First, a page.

Add to the mashed potatoes a heaping teacupful of powdered white sugar and half a teacupful of salt; then slowly stir in the strained hop tea, so that there will be no lumps. When milk-warm add a teacupful of yeast and pour into glass fruit jars, or large, clear glass bottles, to ferment, being careful not to close them tightly. Set in a warm place in winter, a cool one in summer. In six hours it will be ready for use, and at the end of that time the jar or bottle must be securely closed. Keep in a cold room in winter, and in the refrigerator in summer. This yeast will keep two weeks in winter and one week in summer. Bread made from it is always sweet.

This method is not exactly sourdough, per se, because one of the ingredients is yeast. I have not tried this method because, wouldn’t you know, I’m always fresh out of hops at my house. Like most things, hops and brewer’s yeast also, if you feel so inclined, is readily available from specialty retailers.

Housekeeping in Old Virginia has several methods for procuring yeast, and all of them involve yeast as an ingredient. For more specific instructions for making yeast out of potatoes, click here.

Method Four: Capture Yeast From The Air

This is the most traditional of all the traditional methods of obtaining yeast. Make a thin batter of flour and water (freshly ground flour is considered to be best) and let it stand in a warm place until it ferments and bubbles form. If you have a squeaky-clean house with no micro-organisms or anything present, you may have some difficulty with this. Because I am kind of a slob, this has never been a problem for me. Some people advocate spitting into the starter to “jump start it,” but the general consensus is that this is gross and a demonstration of poor hygiene.

I like keeping my yeast mixture outside when the temperatures are warm enough but not terribly hot as there is naturally more yeast in the outside air than inside my home.

The very best resource I know of with information about the care, keeping, and use of sourdough can be found at Sourdough Home.  There is so much more to sourdough than merely obtaining your yeast. No matter what method you use to gain your starter, you’ll want to spend some time reading up on how to sustain it. Sourdough is more than a kind of bread – it’s a way of life.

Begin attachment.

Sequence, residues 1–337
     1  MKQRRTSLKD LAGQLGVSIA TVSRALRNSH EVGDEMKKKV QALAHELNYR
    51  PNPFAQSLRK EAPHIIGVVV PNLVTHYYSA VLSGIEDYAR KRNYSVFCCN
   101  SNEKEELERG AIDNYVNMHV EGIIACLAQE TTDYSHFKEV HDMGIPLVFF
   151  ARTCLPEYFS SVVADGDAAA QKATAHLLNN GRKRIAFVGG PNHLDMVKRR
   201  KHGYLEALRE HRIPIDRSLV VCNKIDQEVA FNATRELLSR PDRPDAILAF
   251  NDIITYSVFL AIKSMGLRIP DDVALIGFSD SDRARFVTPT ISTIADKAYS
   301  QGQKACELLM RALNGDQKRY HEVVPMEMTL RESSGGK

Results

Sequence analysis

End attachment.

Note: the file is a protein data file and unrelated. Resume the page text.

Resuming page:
how to cultivate yeast

19 thoughts on “How to Cultivate Your Own Yeast”

  1. Pingback: Prepper News Watch for October 19, 2015 | The Preparedness Podcast

  2. Now I’m going to have to plant apple trees, or buy brown bread in a can. To go with my cheese whiz in a can, if I don’t get canned cheese. I appreciate the history touch.

  3. Hahaha… Fresh out of hops! Made me chuckle! I must attempt sour dough again soon. The “gotta treat it like a pet” syndrome definitely turns me off. But, the yummy bread…. might be worth it! Thanks. Great article.

  4. But how do you use it? Do you have a recipe for the flour yeast? I can make the yeast, but no clue how much to how much of the other ingredients. Doesn’t work like regular yeast. Help

    1. I’m glad you asked, Kathy! All of this yeast can be used as any sourdough starter. It’s not like the dormant granule yeast that you only need 2 1/2 Tbsp for a batch of bread. If you take a look at an average sourdough recipe, you’ll see that it calls for “1 c sourdough starter.”

      Don’t assume that bread is the only thing you can make out of sourdough, either – I’ve seen recipes for donuts, pancakes, biscuits, scones, muffins, and many more.

  5. i just have to tell you that i LOVE your “commercial” about preparedness utilizing clips from WW Z. very ingenious!! on another note, i have been nursing a sourdough starter for several months now and it’s hung on!! one very valuable lesson i learned… NOT store it covered with cheesecloth if you have a batch of kombucha in the same room. the kombucha scoby kills the sourdough, don’t ask me why. i used the method from king arthur flour (freshly milling my rye flour to start it), and store it in a glass jar with a plastic lid, and it’s quite happy 🙂 i’ve yet to bake with it, but that’s my goal…..someday….hopefully soon 🙂

  6. Before I was diagnosed with Celiac disease I had a sourdough starter that I called Gladys. Gladys made some wonderful bread and pastries but she ended up going bad after about 6 months. I have read that I can make a sourdough starter with non-wheat flours but have yet to try it.

    1. If you have success using non-wheat flours, please do let us know! That would be exceedingly good information to have.